The writer Umberto Eco belongs to that small class of scholars who are encyclopedic, insightful, and nondull. He is the owner of a large personal library (containing thirty thousand books), and separates visitors into two categories: those who react with “Wow! Signore professore dottore Eco, what a library you have! How many of these books have you read?” and the others — a very small minority — who get the point that a private library is not an ego-boosting appendage but a research tool. Read books are far less valuable than unread ones. The library should contain as much of what you do not know as your financial means, mortgage rates, and the currently tight real-estate market allows you to put there. You will accumulate more knowledge and more books as you grow older, and the growing number of unread books on the shelves will look at you menacingly. Indeed, the more you know, the larger the rows of unread books. Let us call this collection of unread books an antilibrary.
Nassim Nicholas Taleb, THE BLACK SWAN: THE IMPACT OF THE HIGHLY IMPROBABLE
For Tuesday, February 5, 2019:
“‘ … I read someplace … that a dictionary is every book ever written and every book that will be written, just in a different order. And it seemed magical. You could own every book just by owning one book …'”
Sue Halpern, SUMMER HOURS AT THE ROBBERS LIBRARY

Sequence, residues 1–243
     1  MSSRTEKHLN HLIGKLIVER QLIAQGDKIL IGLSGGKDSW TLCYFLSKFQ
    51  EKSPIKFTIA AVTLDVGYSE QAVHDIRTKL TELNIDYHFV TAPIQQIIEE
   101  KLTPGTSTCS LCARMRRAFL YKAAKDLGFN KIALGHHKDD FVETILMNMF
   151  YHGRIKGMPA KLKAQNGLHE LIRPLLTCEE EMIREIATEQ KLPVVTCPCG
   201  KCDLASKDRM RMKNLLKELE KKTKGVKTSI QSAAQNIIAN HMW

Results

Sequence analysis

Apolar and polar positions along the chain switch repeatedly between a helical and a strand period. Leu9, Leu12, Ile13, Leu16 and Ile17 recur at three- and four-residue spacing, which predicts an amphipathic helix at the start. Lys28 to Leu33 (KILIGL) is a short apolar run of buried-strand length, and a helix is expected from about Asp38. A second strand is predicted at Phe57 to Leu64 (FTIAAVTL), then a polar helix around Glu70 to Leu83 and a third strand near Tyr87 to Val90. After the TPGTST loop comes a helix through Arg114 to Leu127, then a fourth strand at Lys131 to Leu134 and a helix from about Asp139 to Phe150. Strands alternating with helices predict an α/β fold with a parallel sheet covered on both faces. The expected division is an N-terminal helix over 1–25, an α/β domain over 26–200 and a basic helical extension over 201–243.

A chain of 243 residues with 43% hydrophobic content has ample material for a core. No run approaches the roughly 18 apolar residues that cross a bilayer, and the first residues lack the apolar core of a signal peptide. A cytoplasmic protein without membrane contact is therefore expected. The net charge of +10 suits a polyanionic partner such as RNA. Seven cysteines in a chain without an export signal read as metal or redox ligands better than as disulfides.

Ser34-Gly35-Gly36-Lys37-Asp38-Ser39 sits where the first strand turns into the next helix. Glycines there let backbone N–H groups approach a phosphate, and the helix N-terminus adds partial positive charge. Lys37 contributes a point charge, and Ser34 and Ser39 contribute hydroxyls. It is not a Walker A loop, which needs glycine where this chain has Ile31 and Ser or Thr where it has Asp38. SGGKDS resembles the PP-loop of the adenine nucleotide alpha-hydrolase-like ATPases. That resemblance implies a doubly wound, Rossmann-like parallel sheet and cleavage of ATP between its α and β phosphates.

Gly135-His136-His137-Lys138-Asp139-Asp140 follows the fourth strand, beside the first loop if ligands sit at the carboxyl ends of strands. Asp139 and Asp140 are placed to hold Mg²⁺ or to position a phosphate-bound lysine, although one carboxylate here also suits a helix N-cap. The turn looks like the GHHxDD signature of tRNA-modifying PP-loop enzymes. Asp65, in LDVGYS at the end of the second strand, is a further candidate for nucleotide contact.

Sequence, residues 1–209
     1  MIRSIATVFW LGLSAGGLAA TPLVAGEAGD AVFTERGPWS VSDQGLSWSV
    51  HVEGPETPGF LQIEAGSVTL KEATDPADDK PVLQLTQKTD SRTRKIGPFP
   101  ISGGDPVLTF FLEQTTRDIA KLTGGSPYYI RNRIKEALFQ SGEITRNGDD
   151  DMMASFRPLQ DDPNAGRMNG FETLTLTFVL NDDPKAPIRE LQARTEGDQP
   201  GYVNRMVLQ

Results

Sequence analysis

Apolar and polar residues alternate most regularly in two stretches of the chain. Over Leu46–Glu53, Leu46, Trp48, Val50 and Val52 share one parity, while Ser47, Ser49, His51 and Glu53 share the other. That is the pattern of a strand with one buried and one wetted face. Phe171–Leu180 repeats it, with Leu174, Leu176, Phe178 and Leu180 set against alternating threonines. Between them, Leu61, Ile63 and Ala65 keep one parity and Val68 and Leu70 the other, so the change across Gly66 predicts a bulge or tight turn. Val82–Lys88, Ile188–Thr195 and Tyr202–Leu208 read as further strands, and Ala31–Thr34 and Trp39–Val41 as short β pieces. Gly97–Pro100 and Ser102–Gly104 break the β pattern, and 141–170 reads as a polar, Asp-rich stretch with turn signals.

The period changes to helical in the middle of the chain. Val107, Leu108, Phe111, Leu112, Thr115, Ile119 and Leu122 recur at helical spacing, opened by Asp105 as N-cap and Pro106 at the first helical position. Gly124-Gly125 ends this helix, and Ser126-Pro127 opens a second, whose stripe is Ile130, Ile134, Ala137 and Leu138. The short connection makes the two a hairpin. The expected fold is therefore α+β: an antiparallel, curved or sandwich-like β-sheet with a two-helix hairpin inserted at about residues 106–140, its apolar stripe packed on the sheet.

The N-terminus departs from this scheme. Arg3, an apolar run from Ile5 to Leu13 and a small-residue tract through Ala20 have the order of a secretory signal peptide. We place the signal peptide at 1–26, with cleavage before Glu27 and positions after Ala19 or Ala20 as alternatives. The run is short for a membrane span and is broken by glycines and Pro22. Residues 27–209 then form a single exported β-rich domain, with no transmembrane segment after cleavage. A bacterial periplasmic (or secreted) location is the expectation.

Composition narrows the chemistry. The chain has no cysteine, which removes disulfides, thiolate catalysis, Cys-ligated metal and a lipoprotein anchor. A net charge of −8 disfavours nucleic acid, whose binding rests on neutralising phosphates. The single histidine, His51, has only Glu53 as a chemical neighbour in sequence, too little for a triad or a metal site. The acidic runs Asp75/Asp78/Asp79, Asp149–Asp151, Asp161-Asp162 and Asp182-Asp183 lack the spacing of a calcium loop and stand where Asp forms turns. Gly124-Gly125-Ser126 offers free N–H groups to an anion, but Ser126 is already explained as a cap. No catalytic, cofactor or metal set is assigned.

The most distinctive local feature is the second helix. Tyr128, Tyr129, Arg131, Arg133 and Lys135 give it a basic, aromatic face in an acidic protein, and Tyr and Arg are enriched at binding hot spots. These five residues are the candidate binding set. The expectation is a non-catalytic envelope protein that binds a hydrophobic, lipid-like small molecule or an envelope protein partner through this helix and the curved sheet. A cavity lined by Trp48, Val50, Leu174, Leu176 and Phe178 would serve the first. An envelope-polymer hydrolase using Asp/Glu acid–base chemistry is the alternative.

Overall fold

For Friday, January 4, 2019:
Books aren’t just commodities; the profit motive is often in conflict with the aims of art. We live in capitalism, its power seems inescapable — but then, so did the divine right of kings. Any human power can be resisted and changed by human beings. Resistance and change often begin in art. Very often in our art, the art of words.
I’ve had a long career as a writer, and a good one, in good company. Here at the end of it, I don’t want to watch American literature get sold down the river. We who live by writing and publishing want and should demand our fair share of the proceeds; but the name of our beautiful reward isn’t profit. Its name is freedom.
Ursula K. Le Guin, Words Are My Matter: Writings About Life and Books, 2000–2016, with a Journal of a Writers Week
For Friday, April 27, 2018:
The buying of more books than one can read is nothing less than the soul reaching toward infinity.
A. Edward Newton
For Friday, December 22, 2017:
“‘If you take a book with you on a journey,’ [her father] Mo had said … ‘an odd thing happens: the book begins collecting your memories. And forever after you have only to open that book to be back where you first read it. It will all come into your mind with the very first words: the sights you saw in that place, what it smelled like, the ice-cream you ate while you were reading it … yes, books are like flypapers. Memories cling to the printed page better than anything else.'”
Cornelia Funke, from her children’s novel INKHEART (2004)
For Friday, June 23, 2017:
We need not fear a future elimination of the book. On the contrary, the more that certain needs for entertainment and education are satisfied through other inventions, the more the book will win back in dignity and authority. For even the most childish intoxication with progress will soon be forced to recognize that writing and books have a function that is eternal. It will become evident that formulation in words and the handing on of these formulations through writing are not only important aids but actually the only means by which humanity can have a history and a continuing consciousness of itself.
Hermann Hesse, ‘On Little Joys’ in MY BELIEF: ESSAYS ON LIFE AND ART